3. I should have reminded people about Aldon Morris’s “local movement centers” as the basic structure of the Southern Civil Rights Movement. Similar kinds of structures.

    Liked by 1 person

    olderwoman

    September 2, 2015 at 2:35 am

  4. Good comments – the questions are usually from non academics. I adhere to the mccarthy/Zald view, but most people haven’t read m&z.

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    fabiorojas

    September 2, 2015 at 2:49 am

  5. As a layman unfamiliar with these terms in your profession, I’d call it a ‘protest movement’ instead.

    I wish it were a social movement, because these have a program for change and a roadmap for how to get there. But BLM is right now stuck in the confrontation stage. Not even, because it isn’t really confronting its opponents yet, like at Pettus Bridge. Social movements are open to support, and tell us what we have to do. So far, all this one tells me to not shoot. Done! And my city and state are quite good at preventing this kind of a police culture from taking hold. The real shooters are almost always in places where a repressive police culture has the support of the local power structure and, often, from its citizens in power as well.

    Fixing this would require a Little Rock schools moment, where the US takes over and forces change. BLM apparently envisions this. But that would take a campaign, a ‘social movement’, that people like me can join. So far, sadly, just don’t see it.

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    Don Frazier

    September 2, 2015 at 3:53 am

  6. Don Frazier: as a lay person [truly] unfamiliar with physics I would like to tell physicists that I don’t think their use of the term neutrino is correct and I believe they should use the term nanonito instead because I like it better. Well, no, I don’t do that because I assume the name physicists gave to the neutrino is the “right” one. As an expert in social movements I will tell you that you don’t know what you are talking about, neither about the complexity of the civil rights movement of the 1950s and 1960s nor about what is actually happening today nor about the accepted meaning of term social movement in the academic field of social movement studies.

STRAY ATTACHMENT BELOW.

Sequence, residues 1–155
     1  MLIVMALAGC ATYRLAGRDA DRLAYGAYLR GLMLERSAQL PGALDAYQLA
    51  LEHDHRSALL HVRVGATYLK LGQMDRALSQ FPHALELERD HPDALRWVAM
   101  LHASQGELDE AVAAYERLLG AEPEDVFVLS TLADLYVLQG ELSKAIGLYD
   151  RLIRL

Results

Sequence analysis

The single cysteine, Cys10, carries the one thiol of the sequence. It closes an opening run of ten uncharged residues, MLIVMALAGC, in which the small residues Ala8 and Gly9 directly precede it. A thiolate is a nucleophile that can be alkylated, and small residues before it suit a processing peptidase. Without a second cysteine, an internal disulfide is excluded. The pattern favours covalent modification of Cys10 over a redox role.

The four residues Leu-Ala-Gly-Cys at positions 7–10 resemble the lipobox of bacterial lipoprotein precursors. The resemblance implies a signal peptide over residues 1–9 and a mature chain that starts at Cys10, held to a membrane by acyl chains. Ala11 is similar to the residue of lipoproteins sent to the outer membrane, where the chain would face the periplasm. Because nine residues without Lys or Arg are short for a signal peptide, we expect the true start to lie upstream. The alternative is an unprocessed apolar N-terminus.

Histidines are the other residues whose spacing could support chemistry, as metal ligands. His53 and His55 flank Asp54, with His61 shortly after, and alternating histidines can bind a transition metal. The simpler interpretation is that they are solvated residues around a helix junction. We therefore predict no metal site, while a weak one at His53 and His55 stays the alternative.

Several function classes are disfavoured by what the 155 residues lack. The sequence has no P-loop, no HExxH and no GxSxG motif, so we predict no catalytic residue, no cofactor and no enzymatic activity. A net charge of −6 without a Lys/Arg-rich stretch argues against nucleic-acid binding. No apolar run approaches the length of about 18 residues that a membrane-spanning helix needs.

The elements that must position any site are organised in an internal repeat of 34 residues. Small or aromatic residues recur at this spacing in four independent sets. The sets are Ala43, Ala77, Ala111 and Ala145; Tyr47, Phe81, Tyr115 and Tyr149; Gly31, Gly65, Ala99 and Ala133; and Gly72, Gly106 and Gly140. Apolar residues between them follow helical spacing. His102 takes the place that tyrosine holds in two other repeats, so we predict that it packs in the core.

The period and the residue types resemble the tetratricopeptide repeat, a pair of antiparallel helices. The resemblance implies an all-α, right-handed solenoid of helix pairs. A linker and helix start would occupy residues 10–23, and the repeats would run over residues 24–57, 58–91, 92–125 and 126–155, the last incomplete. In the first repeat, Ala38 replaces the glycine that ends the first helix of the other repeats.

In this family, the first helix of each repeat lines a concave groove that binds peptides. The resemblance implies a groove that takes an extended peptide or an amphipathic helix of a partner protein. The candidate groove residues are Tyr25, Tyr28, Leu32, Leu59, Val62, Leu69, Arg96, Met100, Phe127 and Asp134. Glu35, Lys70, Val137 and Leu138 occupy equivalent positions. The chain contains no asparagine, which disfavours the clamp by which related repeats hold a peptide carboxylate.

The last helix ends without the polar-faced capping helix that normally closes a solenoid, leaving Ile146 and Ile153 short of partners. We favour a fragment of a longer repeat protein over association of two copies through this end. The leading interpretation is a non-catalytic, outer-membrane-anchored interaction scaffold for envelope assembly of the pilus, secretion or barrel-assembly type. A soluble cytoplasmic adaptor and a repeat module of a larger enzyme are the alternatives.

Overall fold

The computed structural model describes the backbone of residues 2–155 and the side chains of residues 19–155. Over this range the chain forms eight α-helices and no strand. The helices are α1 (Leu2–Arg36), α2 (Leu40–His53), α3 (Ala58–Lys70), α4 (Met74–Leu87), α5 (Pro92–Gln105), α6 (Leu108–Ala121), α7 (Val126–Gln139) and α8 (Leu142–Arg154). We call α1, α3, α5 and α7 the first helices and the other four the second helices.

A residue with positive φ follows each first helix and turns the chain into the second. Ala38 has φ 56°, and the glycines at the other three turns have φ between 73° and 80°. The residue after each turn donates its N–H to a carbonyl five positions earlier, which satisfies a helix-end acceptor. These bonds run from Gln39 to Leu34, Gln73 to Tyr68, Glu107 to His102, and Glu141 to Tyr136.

If you think the only thing that is happening in this movement is telling people not to shoot, then you are just revealing the superficiality with which you have approached the topic and the narrowness of your sources of information.

    It is my impression that the movement varies from locale to locale which, as I said, is consistent with prior academic research on what really happened in the Civil Rights Movement. I don’t know what Eden of racial justice you are living in, but in my community where [mostly] the police eschew violence, there are still huge racial disparities in policing and other things that have been the target of sustained mobilization for quite a while involving lots of specific proposals, a wide variety specific forms of political pressure ranging from street protests to political campaigns, and lots of well-organized intentional planning.

    Liked by 1 person

    olderwoman

    September 2, 2015 at 3:40 pm